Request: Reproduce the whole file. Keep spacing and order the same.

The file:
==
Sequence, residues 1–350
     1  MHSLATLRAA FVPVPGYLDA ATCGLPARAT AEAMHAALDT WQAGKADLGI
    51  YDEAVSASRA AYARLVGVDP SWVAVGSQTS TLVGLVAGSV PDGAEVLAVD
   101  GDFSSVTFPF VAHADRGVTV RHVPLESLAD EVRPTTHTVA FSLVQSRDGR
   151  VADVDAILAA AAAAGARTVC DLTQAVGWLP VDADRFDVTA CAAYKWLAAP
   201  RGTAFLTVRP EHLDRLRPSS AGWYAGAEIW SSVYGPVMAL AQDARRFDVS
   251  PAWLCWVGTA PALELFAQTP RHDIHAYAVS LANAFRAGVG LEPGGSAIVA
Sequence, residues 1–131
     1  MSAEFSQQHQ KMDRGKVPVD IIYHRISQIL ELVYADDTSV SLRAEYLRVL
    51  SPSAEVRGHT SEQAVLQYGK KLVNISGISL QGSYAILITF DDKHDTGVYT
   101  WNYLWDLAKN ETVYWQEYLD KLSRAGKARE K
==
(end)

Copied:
Sequence, residues 1–350
     1  MHSLATLRAA FVPVPGYLDA ATCGLPARAT AEAMHAALDT WQAGKADLGI
    51  YDEAVSASRA AYARLVGVDP SWVAVGSQTS TLVGLVAGSV PDGAEVLAVD
   101  GDFSSVTFPF VAHADRGVTV RHVPLESLAD EVRPTTHTVA FSLVQSRDGR
   151  VADVDAILAA AAAAGARTVC DLTQAVGWLP VDADRFDVTA CAAYKWLAAP
   201  RGTAFLTVRP EHLDRLRPSS AGWYAGAEIW SSVYGPVMAL AQDARRFDVS
   251  PAWLCWVGTA PALELFAQTP RHDIHAYAVS LANAFRAGVG LEPGGSAIVA
Sequence, residues 1–131
     1  MSAEFSQQHQ KMDRGKVPVD IIYHRISQIL ELVYADDTSV SLRAEYLRVL
    51  SPSAEVRGHT SEQAVLQYGK KLVNISGISL QGSYAILITF DDKHDTGVYT
   101  WNYLWDLAKN ETVYWQEYLD KLSRAGKARE K